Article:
• Many segments of EM offer strong income potential relative to their developed market counterparts. In a world of low, or even negative, developed market bond yields, the higher yields in EM debt offer investors opportunities to locate attractive income, some at investment‑grade creditworthiness. Hard currency sovereign and corporate bonds reduce the risk that returns will be impacted by swings in EM currency markets. 
  • For diversification needs, investors should remember that as risk assets, both EM equity and EM debt will not necessarily provide diversification with respect to global equity markets. However, an active approach seeks to uncover specific EM opportunities in countries or companies undertaking positive reforms that could potentially generate alpha in different market environments, and this alpha may be lowly correlated with general equity market movements. EM local currency bonds could allow investors to invest in countries at different points of the monetary cycle than their home country. This opens up opportunities to diversify away from U.S. Treasuries, German bunds, or other core developed government bond markets.

(Fig. 2) Positive Returns Across EM
Performances by EM asset class over past 15 years
As of September 30, 2019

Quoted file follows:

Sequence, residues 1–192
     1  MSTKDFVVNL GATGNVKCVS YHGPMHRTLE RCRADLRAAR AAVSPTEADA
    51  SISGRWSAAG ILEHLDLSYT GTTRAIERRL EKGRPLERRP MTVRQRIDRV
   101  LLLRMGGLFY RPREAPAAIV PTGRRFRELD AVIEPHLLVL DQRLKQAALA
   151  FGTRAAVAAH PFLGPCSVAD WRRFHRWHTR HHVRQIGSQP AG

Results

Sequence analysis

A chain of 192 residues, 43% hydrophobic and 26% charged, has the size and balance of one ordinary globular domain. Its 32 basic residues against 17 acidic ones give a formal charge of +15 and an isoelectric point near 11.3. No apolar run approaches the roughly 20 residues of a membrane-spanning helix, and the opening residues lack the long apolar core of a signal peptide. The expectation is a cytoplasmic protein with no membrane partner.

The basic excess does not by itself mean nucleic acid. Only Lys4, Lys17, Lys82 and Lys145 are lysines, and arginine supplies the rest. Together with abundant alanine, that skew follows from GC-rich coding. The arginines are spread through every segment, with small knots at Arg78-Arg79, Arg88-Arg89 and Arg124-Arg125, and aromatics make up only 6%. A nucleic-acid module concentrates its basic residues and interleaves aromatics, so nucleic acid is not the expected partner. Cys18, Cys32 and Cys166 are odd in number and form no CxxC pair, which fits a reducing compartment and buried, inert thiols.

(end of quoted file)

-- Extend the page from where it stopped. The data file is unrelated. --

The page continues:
Past performance is not a reliable indicator of future performance.
EM Equity: MSCI Emerging Markets Equity Index; EM Frontier Market Equity: MSCI Frontier Emerging Market Index; EM Debt: J.P. Morgan EMBI Global Diversified Index; EM Corporate Debt: J.P. Morgan Corporate Emerging Markets Bond Index Broad Diversified; EM Local Currency Debt: J.P. Morgan Government Bond Index‑Emerging Markets.
Sources: MSCI (See Additional Disclosures) and J.P. Morgan (See Additional Disclosures).

(Fig. 3) EM Volatility Has Declined
Rolling volatility by EM asset class
As of September 30, 2019

Past performance is not a reliable indicator of future performance.
Volatility is measured by standard deviation and is calculated over rolling 3-year periods.
EM Equity: MSCI Emerging Markets Equity Index; EM Frontier Market Equity: MSCI Frontier Emerging Market Index; EM Debt: J.P. Morgan EMBI Global Diversified Index; EM Corporate Debt: J.P. Morgan Corporate Emerging Markets Bond Index Broad Diversified; EM Local Currency Debt: J.P. Morgan Government Bond Index‑Emerging Markets.
Sources: MSCI (See Additional Disclosures) and J.P. Morgan (See Additional Disclosures). Data analysis by T. Rowe Price.

What Is Your Time Horizon?

The time horizon of investors can impact which asset classes within EM are best suited to their goals. Investors should consider differences in historical returns and volatility levels to help determine an optimal allocation for their planned investment period.
 

  • 3–5 Years—Although, overall, EM risk levels have come down in recent years, drawdowns can disrupt returns without sufficient time for losses to be recouped as markets recover. Therefore, time horizons under three years may be too risky for significant allocation to EM. However, investors can reduce the risks in the three‑ to five-year bracket by focusing on asset classes with lower historical volatility. The relatively low historical drawdowns in the EM sovereign and corporate debt asset classes make these attractive options for investors with shorter time horizons. Hard currency EM debt also allows investors to sidestep the swings in foreign exchange markets.